Sadly, the years of delay have accelerated climate change. In 1988, the year James Hansen famously testified to Congress about the dangers of global warming, the U.S. Congress passed the Alternative Motor Fuels Act, which acknowledged “the release of carbon dioxide … may be producing a long term and substantial increase in the average temperature on Earth, a phenomenon known as global warming through the greenhouse effect,” encouraged the use of alternative fuels, and required a study examining the potential for electric vehicles. More than three decades later, the most notable climate legacy of the bill is sadly the auto industry’s exploitation of its “flex-fuel vehicle loophole,” which has resulted in 600 million metric tons HIGHER emissions thanks to its unwarranted overcrediting of fuel economy.
This has left the United States (and the world writ large) well behind where we need to be to avert the worst impacts of climate change. With ongoing climate impacts like record wildfire seasons, increasing hurricane intensity, and worsened seasonal and coastal flooding, the need to act is more dire than ever.
This is especially true when it comes to transportation, which is the largest source of emissions in the United States. The average passenger vehicle is on the road for more than 15 years, and analysis shows that electric vehicle sales should be approaching 100 percent in 15-20 years in order to achieve our climate goals.
Moreover, the auto industry has not given much reason to suggest itself willing to address pollution or act in good faith. On the heels of an emissions scandal involving faulty controls on 2.2 million of its vehicles 20 years ago, Toyota agreed to more stringent oversight by EPA…and was just found to have promptly ignored the agreement, failing to report numerous environmental issues with its cars. Automakers continue to fight against increasing fines for non-compliance with fuel economy regulations, despite numerous, clear legal arguments that such increases are required. And the aftermarket parts industry continues to fight for the right to sell “defeat devices” to consumers despite evidence showing that more than 10 percent of all diesel pick-up trucks have been tampered with, a pollution scandal worse than TEN TIMES that of Volkswagen’s “dieselgate,” itself yet another environmental disaster at the hands of the auto industry.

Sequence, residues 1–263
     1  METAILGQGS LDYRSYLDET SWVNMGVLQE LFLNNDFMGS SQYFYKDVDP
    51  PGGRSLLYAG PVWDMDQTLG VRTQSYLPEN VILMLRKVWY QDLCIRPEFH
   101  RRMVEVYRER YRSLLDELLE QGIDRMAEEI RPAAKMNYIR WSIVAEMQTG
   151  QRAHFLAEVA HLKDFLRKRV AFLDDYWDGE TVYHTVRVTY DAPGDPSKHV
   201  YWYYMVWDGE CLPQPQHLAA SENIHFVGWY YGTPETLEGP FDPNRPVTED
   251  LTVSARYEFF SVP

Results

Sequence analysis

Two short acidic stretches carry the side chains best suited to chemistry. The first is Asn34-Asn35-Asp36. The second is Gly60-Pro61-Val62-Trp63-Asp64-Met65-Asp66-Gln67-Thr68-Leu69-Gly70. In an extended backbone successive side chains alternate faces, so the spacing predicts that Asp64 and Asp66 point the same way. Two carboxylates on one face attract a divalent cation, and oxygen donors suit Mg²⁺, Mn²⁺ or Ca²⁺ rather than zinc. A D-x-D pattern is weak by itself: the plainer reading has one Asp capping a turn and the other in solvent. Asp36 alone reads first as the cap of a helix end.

The urgency of the moment gives a new administration the perfect opportunity to act. After four years of moving backwards, strong executive action at the federal level can build upon the groundwork laid by state leadership over the past decade to put us back on a more sustainable trajectory.
Investment in the transition should be at the forefront of President-elect Biden’s plans, including in charging infrastructure and manufacturing incentives. The Departments of Transportation and Energy should be doing what they can to promote the deployment of charging infrastructure in public, workplace, and multi-unit dwelling locations, particularly those with bad air quality. Such infrastructure deployment will ensure EVs are more accessible to lower- and middle-income households and encourage a rapid and more equitable transition to a sustainable transportation system.
But without a binding, strong standard, these types of incentives do little to ensure manufacturers keep up with what is needed. Coming in with a strong vision about what is necessary, and directing executive branch agencies to put regulations in place that respond to the scope of the challenge are the only thing that provide the certainty of action on climate (absent federal climate legislation). That takes substantial leadership—time and time again industry has undersold what is possible, and we can no longer afford such lax regulation.